What are the Most Frequent Signs and Symptoms of Cervical Cancer?

      A woman with painful abdomen

      A woman with painful abdomen

      Each cervical cancer stage shows different signs and symptoms.

      For the initial stage, you may notice some of these signs or symptoms:

          • Vaginal bleeding between menstrual periods

          • Pain and bleeding after intercourse

          • Vaginal bleeding after menopause

          • Longer and heavier menstrual periods

          • Changing vaginal discharge, such as foul odour, heavy consistency, or even bloody

        When the cancer cells have already spread to other parts of the body, these symptoms may appear:

            • Pelvic pain

            • Painful or difficult urination

            • Illness in general

            • Leg swelling

            • Backache dull

            • Fatigue

          To ensure a correct diagnosis, consult a healthcare professional.

          Prevention of Cervical Cancer

          A uterus model and doctor essentials

          A uterus model and doctor essentials

          The Department of Health and Aged Care of the Australian Government conducts a national cervical screening program every five years as a preventive measure to reduce death or illness from cervical cancer.

          Besides joining the program, you can also do other prevention efforts, such as: 

          Ask Your Doctor about the HPV Vaccine

          The HPV vaccine has been a part of the WHO-recommended vaccination routine for worldwide countries. The HPV vaccination helps prevent many types of HPV infection, which also leads to lower cervical cancer risk. Consult your doctor if it’s recommended for you to take this preventive measure.

          Practice Safe Sex

          Practising safe sex includes using a condom during sex and not changing partners. This way, you’ll reduce the risk of cervical cancer due to sexually transmitted infections.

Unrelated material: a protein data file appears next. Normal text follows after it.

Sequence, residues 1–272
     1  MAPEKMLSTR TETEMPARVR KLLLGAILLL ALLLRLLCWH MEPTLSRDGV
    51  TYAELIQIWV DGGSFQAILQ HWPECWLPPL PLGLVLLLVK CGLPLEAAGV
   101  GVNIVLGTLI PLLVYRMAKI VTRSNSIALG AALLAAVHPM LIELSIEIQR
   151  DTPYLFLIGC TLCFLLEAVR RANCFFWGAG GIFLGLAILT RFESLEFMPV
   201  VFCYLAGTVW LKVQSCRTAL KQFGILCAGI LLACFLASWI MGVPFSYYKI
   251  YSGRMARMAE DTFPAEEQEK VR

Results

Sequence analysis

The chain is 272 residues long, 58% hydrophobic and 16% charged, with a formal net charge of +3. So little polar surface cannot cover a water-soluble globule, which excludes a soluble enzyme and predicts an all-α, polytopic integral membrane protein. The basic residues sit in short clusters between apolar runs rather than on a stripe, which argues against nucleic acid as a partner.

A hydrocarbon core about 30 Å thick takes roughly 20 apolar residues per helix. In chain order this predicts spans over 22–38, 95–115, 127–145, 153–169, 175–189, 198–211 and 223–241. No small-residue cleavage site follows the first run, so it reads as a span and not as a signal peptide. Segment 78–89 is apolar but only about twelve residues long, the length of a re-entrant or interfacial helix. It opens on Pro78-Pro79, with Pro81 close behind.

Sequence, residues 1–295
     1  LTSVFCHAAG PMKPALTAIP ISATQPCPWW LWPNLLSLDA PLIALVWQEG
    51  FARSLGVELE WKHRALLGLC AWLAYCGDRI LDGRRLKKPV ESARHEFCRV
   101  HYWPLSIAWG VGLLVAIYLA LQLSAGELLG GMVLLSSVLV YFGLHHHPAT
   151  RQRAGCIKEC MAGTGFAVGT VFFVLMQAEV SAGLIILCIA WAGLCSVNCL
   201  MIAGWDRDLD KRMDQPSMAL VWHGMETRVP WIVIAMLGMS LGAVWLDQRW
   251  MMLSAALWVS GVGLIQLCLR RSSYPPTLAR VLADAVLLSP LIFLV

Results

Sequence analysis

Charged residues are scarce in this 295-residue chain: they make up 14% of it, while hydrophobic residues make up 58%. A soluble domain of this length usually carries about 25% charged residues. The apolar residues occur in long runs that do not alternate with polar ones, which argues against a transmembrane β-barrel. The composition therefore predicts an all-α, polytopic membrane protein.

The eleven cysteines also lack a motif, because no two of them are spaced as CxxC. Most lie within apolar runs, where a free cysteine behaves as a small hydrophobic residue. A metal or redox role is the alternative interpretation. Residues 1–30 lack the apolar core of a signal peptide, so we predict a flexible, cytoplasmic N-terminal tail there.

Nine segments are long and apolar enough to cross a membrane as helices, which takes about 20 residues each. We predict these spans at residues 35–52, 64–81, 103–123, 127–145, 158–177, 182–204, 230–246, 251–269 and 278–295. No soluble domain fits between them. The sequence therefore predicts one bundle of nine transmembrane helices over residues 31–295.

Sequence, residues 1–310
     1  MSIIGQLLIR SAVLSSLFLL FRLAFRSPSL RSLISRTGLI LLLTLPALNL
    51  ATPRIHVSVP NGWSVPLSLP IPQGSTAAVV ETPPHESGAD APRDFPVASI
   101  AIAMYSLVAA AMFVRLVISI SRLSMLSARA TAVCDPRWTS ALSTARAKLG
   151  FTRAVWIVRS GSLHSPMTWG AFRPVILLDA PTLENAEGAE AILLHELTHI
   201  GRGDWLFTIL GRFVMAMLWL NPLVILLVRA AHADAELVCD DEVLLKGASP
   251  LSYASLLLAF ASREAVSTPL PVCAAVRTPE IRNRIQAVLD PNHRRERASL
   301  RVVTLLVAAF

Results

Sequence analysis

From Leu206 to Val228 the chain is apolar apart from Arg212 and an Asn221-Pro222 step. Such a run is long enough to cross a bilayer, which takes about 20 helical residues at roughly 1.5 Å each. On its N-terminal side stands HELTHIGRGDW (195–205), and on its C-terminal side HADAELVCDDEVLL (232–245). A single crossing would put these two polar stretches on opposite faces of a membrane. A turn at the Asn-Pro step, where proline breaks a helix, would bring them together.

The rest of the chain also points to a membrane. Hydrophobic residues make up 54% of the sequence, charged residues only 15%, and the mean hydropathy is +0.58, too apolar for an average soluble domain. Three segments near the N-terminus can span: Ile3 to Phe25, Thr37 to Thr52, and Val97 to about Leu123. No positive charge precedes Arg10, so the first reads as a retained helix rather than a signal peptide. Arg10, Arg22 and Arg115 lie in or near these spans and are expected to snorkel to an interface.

Have Routine Pap Tests

          Taking a routine Pap test (Pap smear) is beneficial for early detection and treatment of precancerous conditions. You can take this test as early as 21 years old.

          Don’t Smoke

          Quit smoking at all costs not only to lower the risk of developing cervical cancer but also to maintain your overall body health condition. If you find it hard to quit, consult your doctor.

          Frequently Asked Questions

          Some tests for cervical cancer are pap test, HPV test, colposcopy, imaging tests (MRI, CT scan, PET-CT scan), and biopsies (endocervical curettage, punch biopsy, LEEP, cone biopsy).

          The only way to make sure you have cervical cancer is by getting a cervical screening test in the nearby healthcare centre.
          Cervical cancer itself doesn’t affect fertility. However, some may experience infertility as a side effect after a cervical cancer treatment.




          A Pap smear, also typically called a Pap test, is a cervical screening test that identifies precancerous cells in the cervix, aiding early cancer detection. If you fall within the age group for routine Pap smears, it’s essential to have them regularly to prevent cancerous cells from spreading beyond the cervix. Wells Road Medical Centre provides cervical screening services, ensuring timely and effective care. Contact us now!